Art Night is a free, contemporary art festival that stages events in extraordinary locations around London for one night a year. It is the perfect way to experience London out of hours.
And for 2017, Art Night is coming to transform London’s East End! The night’s main programme features 13 projects and 11 artists across 13 venues.
The programme ranges from a large-scale dance performance in Exchange Square to meditative sessions in a cavernous space under Tower Bridge. To close it all off, the festival features a club event at Village Underground.
The night is being held in collaboration with the Whitechapel Gallery, and features a huge extended programme of associate events, bringing the total number of free events in East London to over 60.
We interviewed the curator of Art Night 2017, Fatos Ustek, to ask her more about how she put this year’s event together.
Art Night has been described as London’s only arts festival of its kind. Tell us a little bit about what makes the event unique.
The event is only one night long, being inspired by Nuit Blanche in Paris. Something that makes it really stand out is that it explores non-art venues. We take historic sights and iconic buildings, that have had various uses, and commission artists for them. One thing I am very proud of is that we don’t only show existing work, but commission new work too, In-fact 80% of the exhibitions are brand new.
Last year’s Art Night did extremely well, attracting over 30,000 visitors. How has this year built on the last?
Although I am only the curator for this year, I can tell you the program has been extended dramatically. There will be 59 additional projects happening on the night alongside the main ones. These will vary from free film screenings to galleries open until midnight. As part of the Art Night Legacy Scheme, some collections will have a life beyond the night itself. A mural has been commissioned to be installed permanently on Middlesex Street Estate, where local residents were able to give input on what they would like to see.
This is such a large-scale festival. East London is so rich in culture and history. How has it been working with East London as a location and incorporating the things we love about it into Art Night?
It has been such an inspiration, really, I can’t tell you enough just how lucky I feel to be working in East London. The location has played such a huge role in my devising of the programme. It is an area where people from different cultural backgrounds co-exist, and its architectural profile is in constant flux.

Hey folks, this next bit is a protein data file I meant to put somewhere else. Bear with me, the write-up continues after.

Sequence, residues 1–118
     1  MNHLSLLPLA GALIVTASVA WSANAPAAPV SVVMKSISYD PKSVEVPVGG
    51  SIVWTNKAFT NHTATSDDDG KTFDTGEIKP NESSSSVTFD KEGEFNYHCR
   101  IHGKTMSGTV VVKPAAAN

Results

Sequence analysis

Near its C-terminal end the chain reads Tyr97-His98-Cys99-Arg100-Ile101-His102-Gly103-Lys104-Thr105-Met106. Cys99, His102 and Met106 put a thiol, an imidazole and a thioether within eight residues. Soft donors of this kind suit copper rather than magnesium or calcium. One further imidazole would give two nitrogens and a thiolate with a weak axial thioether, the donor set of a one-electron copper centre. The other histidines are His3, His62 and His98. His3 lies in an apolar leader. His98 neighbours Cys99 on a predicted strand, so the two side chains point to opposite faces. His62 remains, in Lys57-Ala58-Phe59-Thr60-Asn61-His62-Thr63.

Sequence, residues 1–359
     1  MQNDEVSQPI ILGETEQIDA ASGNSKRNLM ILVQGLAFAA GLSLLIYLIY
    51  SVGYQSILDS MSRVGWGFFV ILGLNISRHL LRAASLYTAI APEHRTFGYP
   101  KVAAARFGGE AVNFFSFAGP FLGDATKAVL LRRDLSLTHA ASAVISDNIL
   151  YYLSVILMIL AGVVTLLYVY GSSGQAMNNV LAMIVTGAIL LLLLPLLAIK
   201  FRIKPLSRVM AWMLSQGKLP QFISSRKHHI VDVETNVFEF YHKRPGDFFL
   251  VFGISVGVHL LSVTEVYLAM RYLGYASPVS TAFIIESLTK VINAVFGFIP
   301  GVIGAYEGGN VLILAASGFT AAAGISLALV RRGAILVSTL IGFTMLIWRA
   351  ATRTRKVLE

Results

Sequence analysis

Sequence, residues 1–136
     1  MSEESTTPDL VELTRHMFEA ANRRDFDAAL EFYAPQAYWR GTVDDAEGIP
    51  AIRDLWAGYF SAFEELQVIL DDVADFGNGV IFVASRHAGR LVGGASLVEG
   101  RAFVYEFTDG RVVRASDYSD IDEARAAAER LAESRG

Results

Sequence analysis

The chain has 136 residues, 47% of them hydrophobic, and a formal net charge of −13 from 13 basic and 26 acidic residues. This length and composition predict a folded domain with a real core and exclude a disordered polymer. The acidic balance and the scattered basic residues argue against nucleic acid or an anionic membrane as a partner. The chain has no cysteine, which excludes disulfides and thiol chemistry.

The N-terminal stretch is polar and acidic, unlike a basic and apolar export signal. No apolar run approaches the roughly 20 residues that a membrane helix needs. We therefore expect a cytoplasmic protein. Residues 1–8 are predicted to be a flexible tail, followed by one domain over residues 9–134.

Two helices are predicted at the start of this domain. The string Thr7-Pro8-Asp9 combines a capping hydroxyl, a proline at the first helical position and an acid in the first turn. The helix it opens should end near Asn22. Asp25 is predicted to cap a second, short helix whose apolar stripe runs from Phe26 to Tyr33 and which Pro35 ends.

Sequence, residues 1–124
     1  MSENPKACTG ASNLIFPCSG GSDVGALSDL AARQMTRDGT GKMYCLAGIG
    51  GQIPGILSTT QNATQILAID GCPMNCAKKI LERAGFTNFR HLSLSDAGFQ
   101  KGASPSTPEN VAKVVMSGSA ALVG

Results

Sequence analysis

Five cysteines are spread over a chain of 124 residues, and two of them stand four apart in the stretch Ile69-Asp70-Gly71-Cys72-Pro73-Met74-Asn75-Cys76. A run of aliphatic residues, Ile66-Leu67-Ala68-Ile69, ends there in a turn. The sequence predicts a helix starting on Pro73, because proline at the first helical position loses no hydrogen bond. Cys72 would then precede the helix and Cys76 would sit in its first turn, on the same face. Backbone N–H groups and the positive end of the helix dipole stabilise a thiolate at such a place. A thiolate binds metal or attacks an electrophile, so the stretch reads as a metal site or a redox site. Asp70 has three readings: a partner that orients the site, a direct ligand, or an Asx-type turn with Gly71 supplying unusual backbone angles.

There is a theme that runs through every project this year, the ‘Fusion of Horizons.’ This is about how we all, as individuals, have a horizon line that stands for the limit of our aspirations, dreams, desires and knowledge. And when we converse, we understand each other from the perspective of our own backgrounds, which is a very positive thing. I feel that especially with the dawn of Brexit and rise of right wing, it is important acknowledge that monoculture is an impossibility. London’s East End flourishes from the existence of everybody’s different horizons, and Art Night is all about exploring the continuous transformation of these horizons.
Tell us a bit more about some of the exciting projects.
The venue underneath Tower Bridge, the Bascule Chamber, is very old but we are using it in a new way. It has never been used for art before. Iain Chambers will invite audiences down into the chamber to teach them how to become invisible using light components. The chamber is the elbow of Tower Bridge, and the space literally disappears when the bridge opens.
We are also using a recently developed office space for a new location. The White Chapel Building will feature Lawrence Lek’s virtual reality project, imagining a future where there’s no work, only play. His project ‘Playstation’ encourages those to play in a reality of sheer speculation.
And Korean artist Do Ho Suh will produce an instillation using concepts of identity, belonging and the idea of home at Christ Church, Spitalfields. This is especially interesting when looking into the wide variety of migration East London has seen. His video instillation explores how the architecture we live in, right down to our own room, reflects our identity.
And what have you enjoyed the most about working on Art Night as an entire project?
This is a beautiful question. It’s quite amazing to work for audiences who may be experiencing art in extraordinary locations or intriguing venues for the fist time in their lives. I wanted this festival not to be static but moving. Professional dance groups will be moving from one location to another, bringing the streets to life. These may cross-over with different events, passing on the rhythms of the people. I love the spontaneity of it all. You could have no idea about Art Night and come across these projects. They could then trigger a curiosity in that person and cause them follow and explore everything the night has to offer.
The biggest joy was taking on this whole challenge and making it meaningful. It wasn’t just about bringing in something new, but also making visible what was already there. More than anything, it was about celebrating and doing justice to London’s East End.
Art Night will run for one night only, on Saturday 1st July 2017 from 6pm – 4am
The projects begin at Tower Bridge and the walk through them all ends at Shoreditch High Street. It’s about a half an hour walk but stopping at each event along the way is the perfect way to spend the evening and night.